Wednesday, December 2, 2009

The Negro Problem - Joys and Concerns (1999)

Everyone always says that In the Aeroplane Over the Sea is the most underrated album of the nineties, but let's face it. To quote a friend of mine, "Nothing gets indie kids wetter than Neutral Milk Hotel." People know that band and that album and love it, as well they should, but this record is REALLY the most underrated/overlooked one of the nineties. If you mention Neutral Milk Hotel to your neighborhood hipster, they'll start salivating, but mention this band, and they'll look at you funny and think you're a racist for saying the name aloud. On Joys and Concerns, the 2nd release under the Negro Problem moniker, songwriter Stew has really outdone himself (no small feat, mind you). These twelve tracks are split into two halves, the former being labeled "Joys" and the latter "Concerns." The record opens with "Repulsion (Show Up Late for Work on Monday)" and "Sea of Heat," both of which keep with the "Joys" theme of the first half and are delightfully catchy (the latter's horn section takes the listener back to the '70s for a brief moment) but are really just the prologue to the album's first of two bookend tracks, "Comikbuchland." "Mahnsanto" is, melody-wise, one of the most uplifting tracks, starting immediately from the opening lyrics. Commercially, the next song, "Bleed" is the most well known song (having been featured on both Scrubs and Weeds), containing the ever so vaguely familiar chorus, "Come down now, little one. Leave your place in the sun." The next song, "Peter Jennings," marks the beginning of the "Concerns" half of the album by stating, "So L.A.P.D., why'd you chase me? Didn't I have my blinker on? Didn't I say I love the law?" The apex of this half though, comes in the song "Ken," told from the view of the toy, who sings, "My name's Ken, and I like men. But the people at Mattel, the home that I call hell, are somewhat bothered by my queer proclivities. It's safe to say that they are really pissed at me. They always stick me with Barbie, but I want them to know I pray for G.I. Joe, but any able-bodied man-doll will surely do. Just someone to love since I am not set up to screw." "The Rain in Leimert Park Last Tuesday" is the second of the two bookend tracks, a reprise (of sorts) of "Comikbuchland." The closing track, "Come Down Now" is a perfect end to a perfect album, a vague echo of "Bleed," in which Stew sings, "Come down now, remove your bandage so I can see your damage..." Adam Duritz actually turned me on to these guys and I honestly can't thank him enough. With this release, Stew has cemented his status as one of the best lyricists/songwriters of this generation, and no, I'm not exaggerating.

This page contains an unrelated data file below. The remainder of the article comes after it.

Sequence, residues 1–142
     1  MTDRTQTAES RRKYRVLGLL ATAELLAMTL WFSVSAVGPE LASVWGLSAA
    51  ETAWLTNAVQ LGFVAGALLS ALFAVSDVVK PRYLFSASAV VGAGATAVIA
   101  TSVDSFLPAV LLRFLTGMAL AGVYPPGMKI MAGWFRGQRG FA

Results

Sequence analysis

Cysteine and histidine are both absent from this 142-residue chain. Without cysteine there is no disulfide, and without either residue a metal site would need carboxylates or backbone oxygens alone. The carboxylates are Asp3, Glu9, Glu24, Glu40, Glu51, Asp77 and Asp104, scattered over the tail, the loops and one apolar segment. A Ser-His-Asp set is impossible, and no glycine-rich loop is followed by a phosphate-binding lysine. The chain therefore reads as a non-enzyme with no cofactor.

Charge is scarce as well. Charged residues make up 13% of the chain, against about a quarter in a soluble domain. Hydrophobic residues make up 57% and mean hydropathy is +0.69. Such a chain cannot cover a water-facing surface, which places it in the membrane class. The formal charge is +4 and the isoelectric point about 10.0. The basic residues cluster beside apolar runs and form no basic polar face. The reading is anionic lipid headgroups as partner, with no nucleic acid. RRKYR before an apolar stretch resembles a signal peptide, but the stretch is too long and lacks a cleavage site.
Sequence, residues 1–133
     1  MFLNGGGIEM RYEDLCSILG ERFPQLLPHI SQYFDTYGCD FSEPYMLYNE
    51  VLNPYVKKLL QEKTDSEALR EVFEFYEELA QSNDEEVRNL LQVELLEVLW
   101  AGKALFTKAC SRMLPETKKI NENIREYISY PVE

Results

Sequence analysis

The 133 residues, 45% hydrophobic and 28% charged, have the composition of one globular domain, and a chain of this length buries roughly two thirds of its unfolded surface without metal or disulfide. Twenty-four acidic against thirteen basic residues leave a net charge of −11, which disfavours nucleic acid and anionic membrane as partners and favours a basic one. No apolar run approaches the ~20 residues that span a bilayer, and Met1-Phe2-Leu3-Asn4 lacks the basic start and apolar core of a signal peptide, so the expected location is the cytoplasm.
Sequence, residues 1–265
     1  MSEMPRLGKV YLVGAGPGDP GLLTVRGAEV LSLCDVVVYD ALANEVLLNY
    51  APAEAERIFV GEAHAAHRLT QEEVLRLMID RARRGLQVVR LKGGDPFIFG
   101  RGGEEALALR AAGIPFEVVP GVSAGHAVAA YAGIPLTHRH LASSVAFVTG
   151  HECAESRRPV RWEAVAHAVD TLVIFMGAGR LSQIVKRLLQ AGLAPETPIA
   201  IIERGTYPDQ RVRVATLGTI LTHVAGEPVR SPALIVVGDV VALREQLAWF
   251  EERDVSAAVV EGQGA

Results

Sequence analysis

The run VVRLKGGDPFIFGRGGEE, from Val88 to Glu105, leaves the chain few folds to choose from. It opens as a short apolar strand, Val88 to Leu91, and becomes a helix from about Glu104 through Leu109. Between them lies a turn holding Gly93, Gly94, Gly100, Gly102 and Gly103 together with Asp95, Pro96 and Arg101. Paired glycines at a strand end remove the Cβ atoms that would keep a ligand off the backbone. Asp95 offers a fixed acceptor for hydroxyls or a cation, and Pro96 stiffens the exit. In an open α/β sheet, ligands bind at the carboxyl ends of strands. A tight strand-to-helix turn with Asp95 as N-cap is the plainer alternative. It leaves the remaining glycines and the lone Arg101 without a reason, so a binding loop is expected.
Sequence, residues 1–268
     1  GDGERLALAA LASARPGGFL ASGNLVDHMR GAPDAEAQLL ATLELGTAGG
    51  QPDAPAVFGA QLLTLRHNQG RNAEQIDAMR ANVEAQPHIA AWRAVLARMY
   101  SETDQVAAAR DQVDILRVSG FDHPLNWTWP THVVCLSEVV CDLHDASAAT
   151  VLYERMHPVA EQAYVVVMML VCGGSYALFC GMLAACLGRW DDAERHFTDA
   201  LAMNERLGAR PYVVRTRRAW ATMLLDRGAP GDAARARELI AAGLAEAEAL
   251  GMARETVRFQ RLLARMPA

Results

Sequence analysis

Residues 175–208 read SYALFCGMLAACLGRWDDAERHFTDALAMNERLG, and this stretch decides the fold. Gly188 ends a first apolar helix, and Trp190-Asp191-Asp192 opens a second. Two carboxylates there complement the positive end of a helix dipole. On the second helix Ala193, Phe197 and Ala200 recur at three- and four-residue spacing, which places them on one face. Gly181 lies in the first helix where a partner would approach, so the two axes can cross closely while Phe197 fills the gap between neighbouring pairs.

For fans of: Stew, Counting Crows, The Decemberists


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